Ministry of Education, Guyana

How to Give Your Teens Successful Leadership Skills

Teaching teenagers leadership skills will help them be successful in their careers and relationships. Your children learn how to interact with others by observing your behavior. Take advantage of your influence and model the skills necessary to become a great leader.

Emphasize Warmth and Competence
Teach your teenagers to command respect by being warm and considerate toward others. Good leaders demonstrate warmth and competence, rather than eliciting fear and dominance. Help teens understand that they will have more influence over others when they are trustworthy and well-liked.

Use an Authoritative Parenting Style
Parents with an authoritative parenting style establish clear limits yet still allow their children to test rules and learn through natural consequences. Children who grew up with this kind of parenting and engaged in some modest rule-breaking behaviors are more likely to assume leadership roles at work and in their community, found researchers from the University of Toronto in a study published in the 2009 issue of The Leadership Quarterly.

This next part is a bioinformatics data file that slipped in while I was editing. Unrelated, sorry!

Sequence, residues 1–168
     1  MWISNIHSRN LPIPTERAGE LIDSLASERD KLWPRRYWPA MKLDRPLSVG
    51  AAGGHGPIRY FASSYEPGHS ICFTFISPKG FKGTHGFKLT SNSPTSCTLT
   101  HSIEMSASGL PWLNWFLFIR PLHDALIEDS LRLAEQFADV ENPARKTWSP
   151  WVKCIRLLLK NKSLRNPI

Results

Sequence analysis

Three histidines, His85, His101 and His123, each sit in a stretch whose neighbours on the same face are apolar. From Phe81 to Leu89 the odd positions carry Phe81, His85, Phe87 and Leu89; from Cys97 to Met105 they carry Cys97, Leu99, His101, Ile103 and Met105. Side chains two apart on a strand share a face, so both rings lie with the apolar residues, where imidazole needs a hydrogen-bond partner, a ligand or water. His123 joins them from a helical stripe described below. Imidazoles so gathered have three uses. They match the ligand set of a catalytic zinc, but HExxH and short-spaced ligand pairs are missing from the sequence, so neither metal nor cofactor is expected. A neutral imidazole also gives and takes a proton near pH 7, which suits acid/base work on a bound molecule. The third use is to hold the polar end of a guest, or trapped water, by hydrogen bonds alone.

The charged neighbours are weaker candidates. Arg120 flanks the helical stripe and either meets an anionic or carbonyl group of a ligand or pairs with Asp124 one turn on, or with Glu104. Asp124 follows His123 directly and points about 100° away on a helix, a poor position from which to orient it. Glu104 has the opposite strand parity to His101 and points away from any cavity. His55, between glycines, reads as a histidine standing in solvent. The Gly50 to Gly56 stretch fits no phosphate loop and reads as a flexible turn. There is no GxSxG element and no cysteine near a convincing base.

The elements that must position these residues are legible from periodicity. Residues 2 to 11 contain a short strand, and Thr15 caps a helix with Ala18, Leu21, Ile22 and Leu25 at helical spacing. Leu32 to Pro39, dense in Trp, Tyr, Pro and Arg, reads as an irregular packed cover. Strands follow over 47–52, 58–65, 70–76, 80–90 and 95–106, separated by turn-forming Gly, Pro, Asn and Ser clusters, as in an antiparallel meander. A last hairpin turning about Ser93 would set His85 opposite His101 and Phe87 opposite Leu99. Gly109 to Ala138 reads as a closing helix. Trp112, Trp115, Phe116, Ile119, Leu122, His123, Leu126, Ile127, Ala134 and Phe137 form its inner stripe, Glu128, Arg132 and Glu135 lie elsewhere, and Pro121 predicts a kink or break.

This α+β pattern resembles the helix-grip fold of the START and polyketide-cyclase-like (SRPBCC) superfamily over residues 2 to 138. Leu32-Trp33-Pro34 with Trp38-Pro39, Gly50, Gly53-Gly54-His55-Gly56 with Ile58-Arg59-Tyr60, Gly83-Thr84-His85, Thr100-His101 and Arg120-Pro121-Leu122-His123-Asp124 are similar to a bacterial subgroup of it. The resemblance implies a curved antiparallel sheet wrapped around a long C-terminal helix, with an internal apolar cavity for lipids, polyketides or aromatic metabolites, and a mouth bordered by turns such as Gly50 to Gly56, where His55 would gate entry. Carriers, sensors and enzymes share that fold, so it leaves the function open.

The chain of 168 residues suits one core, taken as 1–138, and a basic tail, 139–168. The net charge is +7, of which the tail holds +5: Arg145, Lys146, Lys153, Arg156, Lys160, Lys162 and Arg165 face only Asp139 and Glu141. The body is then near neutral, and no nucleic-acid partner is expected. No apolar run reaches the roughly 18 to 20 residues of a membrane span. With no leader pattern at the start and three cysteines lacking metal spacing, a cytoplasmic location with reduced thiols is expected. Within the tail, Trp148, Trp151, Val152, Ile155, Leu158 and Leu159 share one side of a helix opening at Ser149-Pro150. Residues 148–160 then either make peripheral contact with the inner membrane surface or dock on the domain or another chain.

Encourage Participation in Physical Activities
Exercising regularly and participating in team sports benefits more than just teens' health. Teenagers who are more physically active tend to score higher on leadership skills. Involving teenagers in team sports will provide great opportunities for them to interact and collaborate with others. It will also help them develop healthy self-esteem and habits.

Model Healthy Communication
Every good leader needs to have good communication skills to connect with followers. Modeling effective communication skills is a great way to instill leadership in your teenagers. Teach them to listen to others by allowing them freedom to express their opinions and thoughts. Use language that is clear, firm and respectful at all times. Use healthy communication techniques, such as active listening, in which you paraphrase what the other person has just said to show that you truly understand the message being conveyed and that you validate the other person's feelings.


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